This past week I was privileged to spend some time in silent prayer retreat at Stillpoint House of Prayer, in Burnstown.
If you’re ever looking for a safe, supportive Christian place to get away – for an afternoon, overnight, or more; with or without spiritual direction; in a setting of peace and quiet – S.H.O.P. is it. Check it out at www.stillpoint.ca
Aside from being right on the banks of the beautiful Madawaska River, one of the real benefits of this rural location, down in a valley is…….
NO cell phone coverage
NO internet access
So, given that there is a SILENCE rule enforced in the house, the only one you can make contact with, at all, is
And, judging from the sharing that goes on at chapel time (yes, we’re allowed to talk then – even encouraged) most people do. The Lord, in his gracious mercy, truly responds to the promise given through the prophet:
“When you seek me, you will find me, when you search for me with all your heart.” (Jeremiah 29:13)
When believers retreat in order to meet the Lord in still and quiet they are following a deep biblical pattern, one that Jesus himself practiced. As I read through the gospels this past week at S.H.O.P, two things struck me:
a. How incredibly demanding Christ’s ministry was. Scarcely a moment to himself. Certainly no summer frolicking at the cottage! Those in need were forever seeking him out and banging on his door. And he ALWAYS responded when they came!
b. How, in the midst of all that frenetic activity, Jesus carved out intentional time to pray – alone. Even before the most difficult part of his assignment on earth, he took time aside in Gethsemane to pray – alone. If he found it necessary and helpful, why should it be any less so for us, his apprentices?
All that said, though, I firmly believe that private retreat is NOT meant to be the sole way for encountering the power and presence of God. Actually, neither do the people at Stillpoint – they’ve also built evening group chapel into the daily rhythm. And neither does James Smith, philosphy prof at Calvin College. In his book, “Desiring the Kingdom: Worship, Worldview, and Cultural Formation” he reaches to the Internet world and pulls out the image of WiFi “hotspots.” You know – the little sign at the coffee shop that says, “WiFi here” and allows you to pull in an internet signal and bang away on your laptop while sipping their latte’s and eating their oh-so-decadent oatmeal raisin cookie the size of a frizbee. Go to the next store, and you lose the signal. Got to be in the right location to get connected to the Web.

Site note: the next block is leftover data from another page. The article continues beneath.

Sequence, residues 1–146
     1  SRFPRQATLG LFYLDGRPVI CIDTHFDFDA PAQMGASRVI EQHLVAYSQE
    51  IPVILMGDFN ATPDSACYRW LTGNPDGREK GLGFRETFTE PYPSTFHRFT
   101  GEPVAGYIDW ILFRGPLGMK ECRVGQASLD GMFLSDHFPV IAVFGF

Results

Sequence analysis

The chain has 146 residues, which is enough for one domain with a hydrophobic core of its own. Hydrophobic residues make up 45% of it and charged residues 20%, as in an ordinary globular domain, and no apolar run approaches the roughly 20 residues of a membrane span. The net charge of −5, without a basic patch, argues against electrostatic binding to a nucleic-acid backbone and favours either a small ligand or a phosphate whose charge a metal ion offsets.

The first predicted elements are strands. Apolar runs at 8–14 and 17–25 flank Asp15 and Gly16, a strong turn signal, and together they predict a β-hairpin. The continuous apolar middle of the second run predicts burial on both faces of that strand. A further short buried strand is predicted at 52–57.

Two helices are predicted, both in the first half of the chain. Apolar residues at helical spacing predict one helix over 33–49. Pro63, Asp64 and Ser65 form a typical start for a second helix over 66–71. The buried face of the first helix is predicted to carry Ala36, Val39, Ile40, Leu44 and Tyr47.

Smith suggests that while we all as good Reformed folk profess that our Triune God extends his presence to every square inch of Creation, there are places and times when we can “connect” with more intensity to God than others. They are, we could say, spiritual “hot spots.”
He’s following the lead of our Eastern Orthodox brothers and sisters, who have maintained this for years.
And they get it from hints in Scripture. Like the Psalmist, who finds the glory and beauty of the Lord in mind-blowing ways when he steps into the sanctuary of the Temple (eg Psalm 27). It seems to be a physical “hot spot” – sacred space.
Or the words of Jesus in Matthew 18. After pounding away at the disciples’ stubborn independent and selfish streaks, with teachings on the importance of protecting and including the little ones in the faith community, of seeking the one who wanders, and the importance of restoring the sinner to the fold – after all that Jesus says, “For where two or three come together in my name, there am I with them.” Remember, he’s speaking to a crowd that was raised on the Scribal teaching that it took 10 circumcised Jewish men to be gathered in one community before a Synagogue could be established and God could be worshipped there.
Jesus takes the synagogue rule and changes it. It doesn’t matter who is in the group, or what the number count is. That people come together in unity and community – wherever that happens in the name of Jesus, His Presence will be there, through the Spirit. That’s his holy, sure and special promise. And THAT, we could venture, makes such gatherings spiritual “hot spots.” Where the power and presence of the Lord is experienced in greater intensity than otherwise might be the case in day-to-day living.
Could that be why one of Satan’s biggest tools is to try and bring division within the Body of Christ? It diminishes the power of such “hot spots” and heightens his devilish chances of “success.”
By the way – I think the odds for the devil’s success are pretty good in North America right now, given how incredibly independently-minded most of us are. Less groups gathering = less spiritual “hot spots” = easier for his evil to spread.
Spiritual hotspots – when believers gather at sanctified times and places in the name of Jesus. Which includes the gatherings for worship. The unknown author of Hebrews pushes the same button in 10:25 — “Don’t neglect getting together!!” he says. IGNATIUS wrote, “When you frequently, and in numbers meet together, the powers of Satan are overthrown, and his mischief is neutralized by your likemindedness in the faith.” (reflecting on Hebrews 10:25)
Whatever you think of the writings of such “old, dead guys” (as one person put it to me recently), I think he may be on to something.
All across the city, spiritual hot spots will come alive as believers gather in worship.
Will you be there?
What do you think?